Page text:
The big daddy of them all, 1.4 million sq. ft. Dadeland Mall itself, is in the midst of a phased re-design; topping its plans: an entry and exit all its own to the Palmetto Expressway. But that's just the beginning. Next up is a second level, already approved by local authorities.

"We're not going to do it immediately," says Rob Stuart, director of corporate communications for Compass Retail of Atlanta. "Our next step will be an interior renovation, following the traffic improvements. At that time, they'll pour the foundation for the second floor. It's a complex, long-term project."

An idea whose time never came, the Bakery Center in South Miami, is no more. The attractive but impractical multistory retail/entertainment project is being demolished and replaced by The Shops at Sunset Place, a project of Simon Property Group, Indianapolis. Intended to be driven by entertainment-oriented retail, the 550,000 sq. ft. center is currently slated for a spring 1998 opening. The only firm leasing deal announced so far is for a 24-screen AMC movie theater.

Roger LeBlanc, executive vice president of The Michael Swerdlow Cos., Hollywood, Fla., says that his company and The Codina Group, Miami, are involved in a 1.5 million sq. ft. proposed mall on land west of Miami International Airport (near the junction of the Florida Turnpike and the Dolphin Expressway) that will be "something different than anyone has ever seen before."

Pretty big boast, what's he have in mind?

For starters, a million sq. ft. of power retail, similar to Sawgrass Mills. Seen that before? How about a 500,000 sq. ft. theme park in the center of the mall?

Broward County

Fort Lauderdale has a multitude of major new developments in varying stages.

Beach Place, expected to open in November, is the name of a mixed-use project on the beach attaching 100,000 sq. ft. of leaseable retail space, a la Cocowalk in Coconut Grove, to an 18-story Marriott timeshare/hotel resort. The U-shaped trade area itself is stacked in three stories; the beachfront hotel begins atop a six-floor parking garage to the rear.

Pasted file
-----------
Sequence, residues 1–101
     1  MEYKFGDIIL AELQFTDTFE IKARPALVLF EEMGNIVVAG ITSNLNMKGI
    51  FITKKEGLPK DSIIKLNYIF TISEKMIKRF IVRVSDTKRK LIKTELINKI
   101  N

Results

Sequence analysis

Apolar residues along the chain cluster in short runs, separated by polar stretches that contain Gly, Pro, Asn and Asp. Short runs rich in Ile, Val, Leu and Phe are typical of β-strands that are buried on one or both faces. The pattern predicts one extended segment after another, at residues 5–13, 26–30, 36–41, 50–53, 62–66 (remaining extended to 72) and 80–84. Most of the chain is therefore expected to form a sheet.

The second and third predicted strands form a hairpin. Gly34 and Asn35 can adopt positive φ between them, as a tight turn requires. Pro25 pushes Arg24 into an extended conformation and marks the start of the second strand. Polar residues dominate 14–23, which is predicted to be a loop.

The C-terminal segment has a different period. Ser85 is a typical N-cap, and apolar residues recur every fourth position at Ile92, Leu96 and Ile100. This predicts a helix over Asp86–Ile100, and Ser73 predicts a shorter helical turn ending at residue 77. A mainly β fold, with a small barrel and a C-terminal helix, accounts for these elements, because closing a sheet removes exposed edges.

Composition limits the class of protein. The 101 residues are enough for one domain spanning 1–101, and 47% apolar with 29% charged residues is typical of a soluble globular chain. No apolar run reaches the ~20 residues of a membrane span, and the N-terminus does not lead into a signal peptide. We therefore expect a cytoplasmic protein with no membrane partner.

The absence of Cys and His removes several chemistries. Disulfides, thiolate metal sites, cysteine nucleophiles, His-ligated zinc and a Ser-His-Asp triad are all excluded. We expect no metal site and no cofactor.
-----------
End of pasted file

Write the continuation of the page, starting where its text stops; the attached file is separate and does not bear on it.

"The first and third floors are fully leased; the second floor is 85% leased. I expect it will all be leased by the time we open," says Richard Mooney, managing director of the developing company, Beach Place Partners of Fort Lauderdale. "The beach is the cornerstone of the effort by the city to redevelop Fort Lauderdale Beach and change its character, and this will be the single most important development on the beach."

Funny, that's what Roger LeBlanc almost said relative to downtown Fort Lauderdale and his project, Brickell Station.

Billed as a 300,000 sq. ft. entertainment center and planned for the banks of the New River, the centerpiece of Brickell Station is a 24-screen Regal Cinemas complex (80,000 sq. ft.) and an adjacent 50,000 sq. ft. adult entertainment center, Regal Funscape. LeBlanc also has letters of intent in hand from several restaurants, claiming 35,000 sq. ft. so far, and another 18,000 sq. ft. in nightclub space is being negotiated.

Now in the design phases, LeBlanc hopes to break ground by this December and open the doors in November 1997.

Downtown Fort Lauderdale is a hotbed of office activity as well, including the 207,000 sq. ft. Las Olas Centre, which will open 95% leased on Dec. 1. The Stiles Corp. of Fort Lauderdale started on the new spec property two years ago because its realty arm couldn't find a 20,000 sq. ft. downtown block of space for one potential tenant and then identified several others in the market.

With the success of that property in hand, Stiles purchased a six-acre downtown parcel with two buildings from Barnett Bank. It quickly leased up the smaller of the two and began renovating the larger, 82,000 sq. ft. building, in which it will move its own corporate headquarters. When Stiles acquired the buildings, rents averaged $22 per sq. ft. Prices are now $26 to $27.

"What makes Fort Lauderdale unique is the city started a master plan 15 years ago called Riverwalk to upgrade downtown," says Tom Kates, president of Stiles Realty Co. "They've done a lot of things to get people downtown, including building a performing arts center. There's also a high-end residential market, Las Olas Isles, within five minutes of downtown. And it's on the water, which makes it a unique setting."

Stiles is also active in West Broward, where its Sawgrass International Corporate Park, a 600-acre park, now has more than 1 million sq. ft. adjacent to Sawgrass Mills, an outlet mall which is second only to Disney World as Florida's leading tourist destination. Corporate Centre at Sawgrass, Stiles' latest building in the park, is entirely spec.

Larry Horowitz, president of The Peter Lawrence Cos., Tampa, says his company's biggest problem in Miami is finding space to lease. "We're looking to Broward County for expansions," he says. "The airport there is expanding, so is the seaport."